DMCommunity.org published an interesting challenge “Greeting a Customer with Unknown Data” that deals with the real-world decision modeling issue: your decision model has to produce a meaningful outcome even when expected input is not available. We provided our DMN-like solution utilizing various OpenRules constructs – it is described here.
The modern Business Rules and Decision Management Systems help users to move business logic from a code to business rules controlled by subject matter experts (not developers). In particular, the latest Decision Model and Notation (DMN) standard  defines powerful and broadly applicable concepts for decision modeling that allowed experts  to call DMN a “decision modeling language”. DMN even includes a friendly enough expression language, FEEL, to express complex relationships between different decision variables. However, DMN is a general purpose “decision modeling language” that naturally stays away from domain-specific decision modeling constructs. In this article I will discuss how to enhance DMN to support specialized decision modeling languages. Continue reading
Last year the organizers of the DecisionCAMP (including myself) were not able to organize this very popular event that started in 2008 (see the history below). So, this year I put a lot of time and efforts to revive the Decision CAMP and have become its Chair and the main driving force behind the event. Thanks to support of our colleagues from RuleML and DMCommunity.org, we will hold DecisionCAMP-2016 on July 7-8, 2016 at Stony Brook University, New York. Continue reading
The DMN 1.1 standard includes a new interchange format that soon will become public. Meanwhile, DMCommunity Apr-2016 Challenge provides a very simple xml-file for the decision model “Vacation Days” created by Bruce Silver. Ideally, DM vendors may take this file (and much more complex DMN XML files), transform it to their own format, and execute using their own tools. While vendors are not in a hurry to support DMN XML yet, this weekend I decided to give it a try. Below I will describe the results. Continue reading
This year OpenRules will again be an exhibitor at the Business Rules and Decisions Forum 2016 at BBC conference on Oct 31- Nov 4, 2016, Las Vegas, NV. We are sponsoring this major BR&DM event for 13 years in a row. I’ve just received a confirmation that my presentation“Why” and “What-If” Buttons for Business Decision Management” has been accepted. Here is an abstract: Continue reading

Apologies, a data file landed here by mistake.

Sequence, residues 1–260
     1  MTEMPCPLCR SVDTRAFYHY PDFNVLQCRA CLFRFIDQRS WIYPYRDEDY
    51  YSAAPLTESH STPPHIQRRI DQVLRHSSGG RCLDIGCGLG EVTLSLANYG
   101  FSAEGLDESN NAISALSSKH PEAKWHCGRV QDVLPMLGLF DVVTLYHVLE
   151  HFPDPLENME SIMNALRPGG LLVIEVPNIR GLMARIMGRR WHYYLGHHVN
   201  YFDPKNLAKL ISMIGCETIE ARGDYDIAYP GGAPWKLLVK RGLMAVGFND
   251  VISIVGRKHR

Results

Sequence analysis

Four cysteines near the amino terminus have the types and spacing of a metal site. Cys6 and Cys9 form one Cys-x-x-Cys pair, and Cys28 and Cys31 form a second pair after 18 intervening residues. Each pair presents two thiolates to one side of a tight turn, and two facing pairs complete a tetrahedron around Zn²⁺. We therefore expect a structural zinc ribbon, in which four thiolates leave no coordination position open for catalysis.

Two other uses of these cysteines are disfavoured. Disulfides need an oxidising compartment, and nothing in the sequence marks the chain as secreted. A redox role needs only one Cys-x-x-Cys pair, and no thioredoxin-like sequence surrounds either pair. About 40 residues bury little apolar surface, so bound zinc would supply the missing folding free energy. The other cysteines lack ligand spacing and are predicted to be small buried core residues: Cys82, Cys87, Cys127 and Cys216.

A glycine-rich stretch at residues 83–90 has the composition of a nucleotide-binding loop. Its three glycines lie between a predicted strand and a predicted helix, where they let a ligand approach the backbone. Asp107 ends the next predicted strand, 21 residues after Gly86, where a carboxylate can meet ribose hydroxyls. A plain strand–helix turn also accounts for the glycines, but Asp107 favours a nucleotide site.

Today was the last day of bpmNext-2016 – a great event concentrated around 3 closely related technologies and their standards: BPMN, CMMN, and DMN. You may look at the program to see how many well-known experts and vendors attended the conference. The quality of presentations and informal discussions during and after the sessions was something that we all will remember after this event. Continue reading
People frequently assume that a good, consistent decision model should produce one and only one decision (solution) for any valid input. However, in real-world applications we frequently deal with situations when a decision model may produce multiple feasible solutions for the same input. And it does not mean that the decision model is incomplete – simply a user may choose the most appropriate solution among all produced decisions. It can be done interactively or by adding more rules. I’ve already provided an example “Monkey Business Analyzed” that describes how to deal with multiple decisions using OpenRules What-If Analyzer. In this post I will describe another decision model that also shows how to choose an optimal decision among multiple feasible decisions. Continue reading
This year OpenRules will sponsor the 10th International Web Rule Symposium RuleML that will take place at the Stony Brook University, New York on July 6-9, 2016. RuleML is well-known for building bridges between academia and industry in the field of business rules. Our CTO Dr. Jacob Feldman is a publicity chair of the conference. He is also the organizer of DecisionCAMP-2016 that will be held on July 7-8 at RuleML. This year DecisionCAMP will focus on the new OMG standard “Decision Model and Notation (DMN)” and an emerging best practice. If you attend, you will have a chance to meet face-to-face with many well-known decision management gurus, vendors, and practitioners.
I decided to add the decision model “Monkey Business” to our new What-If Analyzer. It brought several considerations missed by other solutions. In this post I will discuss my implementation and will show how What-If Analyzer helps to do a through analysis of usually unnoticed aspects of business decision modeling. Continue reading